Feeding your child salmon may prevent obesity later in life. But how? The authors of a study pulished in the International Journal of Obesity, theorize the reason is that increased tissue levels of omega-3 fatty acids [found in abundance in salmon, herring, anchovies and sardines], may prevent antibiotic-induced alteration in gut microbiota [the bacteria in the gastrointestinal tract] and obesity later in life.
"Elevated tissue levels of omega-3 fatty acids significantly reduce body weight gain and the severity of insulin resistance, fatty liver and dyslipidemia [high cholesterol] resulting from early life exposure to ezithromycin [an antibiotic]," said the authors.
These results makes sense to me for at least two reasons:
It's already been established that babies who are breast fed - and breast milk is loaded with probiotics - are less likely to be overweight later in life. Also, probiotics (for instance, found in yogurt) improve the health of the microbiota. So, apparently, an improvement in the microbiota is one reason why probiotics may help manage weight in children through their lifespan. This study showed that probiotics can help undo the harm to the gastrointestinal tract caused by early antibiotic use. Learn more about probiotics and the microbiota...
Omega-3 fatty acids are known for their anti-inflammatory properties. They have been hailed for decreasing heart disease risk, cancer risk, cognitive decline, Alzheimer's Disease -and now - increase of healthy gut bacteria and obesity. Learn more about omega-3 fatty acids...
So eat your salmon - or any fatty fish - to lose weight! The American Heart Association recommends 12 ounces per week.
What is a "healthy" food? Everyone has their own opinion! "We used to believe sugary cereals were fine, as long as they were fortified with certain vitamins and minerals [according to the Food & Drug Administration's definition]," I told Tom Costello, NBC Nightly News Correspondent on the NBC Nightly News on May 11.
But that definition was based on 30-year-old standards when "low fat" was the science of the day. And today, "some of the healthiest foods on the planet are high in fat," I told Costello on The Today Show on May 12.
The FDA sets standards for labels indicating the food's fat, saturated fat, sodium, cholesterol and nutrient content, and whether or not a food qualifies, and can be labeled as: "Healthy." Since nutrition is an evolving science, some of those standards have changed, and the FDA is in the process of revising them.
For instance, when a company produces a product, say, a granola or a snack which contains nuts - which we know today are healthy, but high in fat - the word "healthy" cannot be on the label, as the FDA guidelines have not caught up with today's science that some fats are actually good for you.
But that does not mean that we should trash everything we ever learned about. It is still important to balance our lives with fruits and vegetables, exercise, and keeping our calorie needs in mind. Healthy fats, such as those in nuts, avocadoes, olive oil, salmon, and certain fried foods and dressings, are important, but that isn't a license to binge, or ... to fear and abstain from any foods containing sugar - fruit, 100% fruit juice, sweet vegetables like carrots, milk, and yogurt (even with fruit on the bottom!).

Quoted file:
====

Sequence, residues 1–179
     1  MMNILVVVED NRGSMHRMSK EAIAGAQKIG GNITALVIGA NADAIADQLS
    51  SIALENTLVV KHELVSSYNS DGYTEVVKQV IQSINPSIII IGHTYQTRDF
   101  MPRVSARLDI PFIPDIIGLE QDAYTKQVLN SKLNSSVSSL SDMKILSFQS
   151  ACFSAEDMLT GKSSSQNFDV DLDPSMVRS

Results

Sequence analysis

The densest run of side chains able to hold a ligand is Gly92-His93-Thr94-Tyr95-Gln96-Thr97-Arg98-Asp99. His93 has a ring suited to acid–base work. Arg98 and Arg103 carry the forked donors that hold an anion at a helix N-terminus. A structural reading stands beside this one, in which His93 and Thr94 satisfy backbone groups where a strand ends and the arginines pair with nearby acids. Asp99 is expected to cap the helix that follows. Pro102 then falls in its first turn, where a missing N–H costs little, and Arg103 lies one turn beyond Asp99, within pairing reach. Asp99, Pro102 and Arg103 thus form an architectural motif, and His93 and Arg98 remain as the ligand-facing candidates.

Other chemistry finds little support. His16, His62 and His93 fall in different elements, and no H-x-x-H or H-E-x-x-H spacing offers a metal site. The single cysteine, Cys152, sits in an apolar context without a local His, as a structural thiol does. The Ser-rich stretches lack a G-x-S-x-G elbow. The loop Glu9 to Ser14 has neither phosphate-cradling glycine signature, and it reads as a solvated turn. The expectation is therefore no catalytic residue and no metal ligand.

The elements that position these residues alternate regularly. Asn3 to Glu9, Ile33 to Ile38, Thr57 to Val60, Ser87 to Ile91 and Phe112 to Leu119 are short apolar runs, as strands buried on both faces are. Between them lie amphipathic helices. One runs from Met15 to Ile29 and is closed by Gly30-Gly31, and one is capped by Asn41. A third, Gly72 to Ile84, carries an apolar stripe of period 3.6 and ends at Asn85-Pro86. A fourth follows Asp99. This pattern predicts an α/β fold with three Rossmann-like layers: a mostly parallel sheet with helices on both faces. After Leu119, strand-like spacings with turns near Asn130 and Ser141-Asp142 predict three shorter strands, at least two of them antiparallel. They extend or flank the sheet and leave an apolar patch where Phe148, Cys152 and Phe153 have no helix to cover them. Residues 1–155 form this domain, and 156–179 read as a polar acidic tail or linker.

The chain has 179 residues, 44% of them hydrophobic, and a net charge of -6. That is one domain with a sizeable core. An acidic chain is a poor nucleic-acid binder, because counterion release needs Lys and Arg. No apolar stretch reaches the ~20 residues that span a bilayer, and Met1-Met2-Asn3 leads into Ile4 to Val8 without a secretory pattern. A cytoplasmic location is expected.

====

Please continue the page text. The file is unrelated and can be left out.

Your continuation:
Balance is everyting! Eating sugar-free is just as unhealthy as eating fat-free. Avoiding foods containing any hint of sugar, and even natural sugar, I believe, will be the next diet fad you'll want to avoid!
Some of the most interesting nutrition studies I've read have to do with the prenatal diet and subsequent effects in children. The subject is vast and the outcomes amazing. Did you know that when pregnant moms drink high amounts of carrot juice during pregnancy, their toddlers are more likely to choose carrots over other vegetables? Or, that the more varied a pregnant mom's diet, the more her child will choose and enjoy a wider variety of foods? All proven by science!
So it's no surprise that a new study published in The Lancet found that prenatal fruit consumption is correlated with superior cognition in the mothers' one-year-old infants - though there was no effect if fruit was only fed to the child during the year after birth. So, what may explain this finding?
Evolution may explain, in part, this advantage of fruit-eating. During the neolithic (stone age) period about 12,000 years ago and for thousands of years thereafter, we subsisted mainly on fruits and vegetables; which comprised about 65% of our calories, according to S. Boyd Eaton, from the department of Anthropology at Emory University in an interview and in his essay, "Evolution, Diet and Health." That may mean that brain development is still dependent on the same high level of vitamins, minerals, antioxidants, and other positive nutrients that kind of diet would provide. And this could help explain why, even today, a high fruit diet is correlated with so many positive health benefits: reduced incidence of diabetes, heart disease, cancer, arthritis, eye disease, and other conditions. Keep in mind, too, that the health-giving Mediterranean Diet had 12 to 13 servings of fruits and vegetables daily, and it's known as one of the healthiest diets on the planet.
Fruit is so easy to eat every day, and the local fruit season is just beginning to get exciting. I was most fortunate to receive one of the most delicious dishes I've ever eaten this weekend when my friend and neighbor, Mike Gardner, brought me his salad: